People feel much more comfortable about investing in stocks than they did this time last year, according to a new survey from John Hancock Investments. Many more people -- 62 percent of those surveyed -- say that now is a good time to invest in stocks than did one year ago, when only 48 percent thought investing in stocks was a good idea.
Fewer people think now is a good time to invest in bonds than did last year -- 23 percent in 2013 to 27 percent in 2012. It could be a good time to turn against bonds: Treasury yields have surged since May, when Federal Reserve Chairman Ben Bernanke began to discuss the eventual end of the stimulative quantitative easing program. The 10-year Treasury note gained more than half a percentage point between May 20 and July 1; it's now at 2.5 percent. Bond prices move in the opposite direction as yield, which means bondholders and bond fund investors may have seen the value of their investments dip in recent weeks.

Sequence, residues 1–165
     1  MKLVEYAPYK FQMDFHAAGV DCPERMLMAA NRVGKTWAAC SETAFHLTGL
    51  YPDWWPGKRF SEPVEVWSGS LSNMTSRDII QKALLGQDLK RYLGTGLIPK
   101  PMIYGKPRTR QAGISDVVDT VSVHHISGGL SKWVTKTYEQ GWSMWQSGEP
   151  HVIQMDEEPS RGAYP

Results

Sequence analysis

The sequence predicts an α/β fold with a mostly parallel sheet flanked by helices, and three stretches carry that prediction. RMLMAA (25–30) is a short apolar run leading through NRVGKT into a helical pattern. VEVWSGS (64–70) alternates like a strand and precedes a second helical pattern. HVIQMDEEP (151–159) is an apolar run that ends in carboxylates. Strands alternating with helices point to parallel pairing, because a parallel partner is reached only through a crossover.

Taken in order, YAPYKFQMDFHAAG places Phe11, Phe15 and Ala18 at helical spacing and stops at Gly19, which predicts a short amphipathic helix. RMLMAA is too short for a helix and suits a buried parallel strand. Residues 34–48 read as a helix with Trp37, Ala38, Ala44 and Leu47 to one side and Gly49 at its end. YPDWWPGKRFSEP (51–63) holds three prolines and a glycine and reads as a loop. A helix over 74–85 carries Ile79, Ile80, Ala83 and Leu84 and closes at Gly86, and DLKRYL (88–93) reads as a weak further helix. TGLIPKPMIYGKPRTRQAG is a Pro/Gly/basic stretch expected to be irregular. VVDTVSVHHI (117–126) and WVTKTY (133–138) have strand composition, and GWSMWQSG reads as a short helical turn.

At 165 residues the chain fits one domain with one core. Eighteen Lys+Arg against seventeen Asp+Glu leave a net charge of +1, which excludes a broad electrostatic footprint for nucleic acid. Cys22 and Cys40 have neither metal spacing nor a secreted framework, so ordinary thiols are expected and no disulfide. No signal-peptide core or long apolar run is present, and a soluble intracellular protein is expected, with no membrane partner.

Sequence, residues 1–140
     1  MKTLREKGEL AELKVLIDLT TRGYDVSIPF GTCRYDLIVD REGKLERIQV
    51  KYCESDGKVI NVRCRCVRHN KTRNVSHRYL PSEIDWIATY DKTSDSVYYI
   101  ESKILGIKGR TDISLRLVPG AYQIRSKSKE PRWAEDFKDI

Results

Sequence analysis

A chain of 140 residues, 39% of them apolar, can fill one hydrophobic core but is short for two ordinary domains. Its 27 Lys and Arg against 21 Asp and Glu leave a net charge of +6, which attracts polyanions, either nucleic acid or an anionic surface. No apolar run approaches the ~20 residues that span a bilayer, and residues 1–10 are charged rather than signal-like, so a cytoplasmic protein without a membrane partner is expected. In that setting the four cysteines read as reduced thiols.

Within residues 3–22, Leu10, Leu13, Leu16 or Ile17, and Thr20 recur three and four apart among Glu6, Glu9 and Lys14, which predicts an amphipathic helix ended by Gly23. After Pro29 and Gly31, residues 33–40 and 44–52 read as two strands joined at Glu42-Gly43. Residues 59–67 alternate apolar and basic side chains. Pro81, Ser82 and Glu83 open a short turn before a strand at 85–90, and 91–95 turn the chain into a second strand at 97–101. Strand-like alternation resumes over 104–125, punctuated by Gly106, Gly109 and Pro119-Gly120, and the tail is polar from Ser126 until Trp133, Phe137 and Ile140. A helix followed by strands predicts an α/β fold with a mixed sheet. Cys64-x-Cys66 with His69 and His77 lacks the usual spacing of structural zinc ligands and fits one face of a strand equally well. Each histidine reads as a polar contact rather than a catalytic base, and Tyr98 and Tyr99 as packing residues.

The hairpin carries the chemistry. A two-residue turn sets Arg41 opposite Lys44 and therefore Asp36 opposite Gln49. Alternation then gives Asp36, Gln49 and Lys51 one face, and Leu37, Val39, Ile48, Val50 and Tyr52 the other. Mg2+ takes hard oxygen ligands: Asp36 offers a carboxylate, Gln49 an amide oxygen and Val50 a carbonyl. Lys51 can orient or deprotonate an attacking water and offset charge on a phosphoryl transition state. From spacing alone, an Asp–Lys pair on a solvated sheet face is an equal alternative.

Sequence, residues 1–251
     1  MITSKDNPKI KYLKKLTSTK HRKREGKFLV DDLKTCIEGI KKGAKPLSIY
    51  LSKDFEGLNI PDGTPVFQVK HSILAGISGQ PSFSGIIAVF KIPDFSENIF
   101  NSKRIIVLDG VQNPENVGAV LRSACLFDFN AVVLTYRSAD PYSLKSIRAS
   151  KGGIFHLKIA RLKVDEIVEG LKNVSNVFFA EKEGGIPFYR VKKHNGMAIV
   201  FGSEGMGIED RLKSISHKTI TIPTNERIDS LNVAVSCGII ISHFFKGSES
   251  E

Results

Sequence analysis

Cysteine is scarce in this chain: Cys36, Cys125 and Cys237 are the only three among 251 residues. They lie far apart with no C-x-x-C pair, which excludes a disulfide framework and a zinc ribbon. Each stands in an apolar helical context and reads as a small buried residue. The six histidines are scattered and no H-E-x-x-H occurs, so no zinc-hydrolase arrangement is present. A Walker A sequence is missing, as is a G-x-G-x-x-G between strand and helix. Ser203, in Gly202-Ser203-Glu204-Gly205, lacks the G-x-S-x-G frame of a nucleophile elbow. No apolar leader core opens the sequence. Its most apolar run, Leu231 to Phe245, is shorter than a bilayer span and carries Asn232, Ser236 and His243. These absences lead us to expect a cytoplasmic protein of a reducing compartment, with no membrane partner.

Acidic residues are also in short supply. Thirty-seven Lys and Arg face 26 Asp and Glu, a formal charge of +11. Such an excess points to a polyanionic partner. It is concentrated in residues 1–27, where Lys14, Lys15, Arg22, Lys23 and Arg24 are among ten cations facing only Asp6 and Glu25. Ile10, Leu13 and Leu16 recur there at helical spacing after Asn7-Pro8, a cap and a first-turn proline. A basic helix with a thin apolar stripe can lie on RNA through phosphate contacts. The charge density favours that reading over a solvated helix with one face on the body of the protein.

As a result, some people are getting out of bonds. Bond mutual funds experienced the largest outflows ever last week, totaling $23.3 billion, the website Business Insider reported on Friday. Last week is the fourth week in a row that bond funds have posted negative flows, according to Investment Company Institute, or ICI, statistics. ICI is the trade association for the mutual fund industry.
Have you changed your allocation to bonds this year?
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Senior investing reporter Sheyna Steiner is a co-author of "Future Millionaires' Guidebook," an e-book written by Bankrate editors and reporters. It's available at all the major e-book retailers.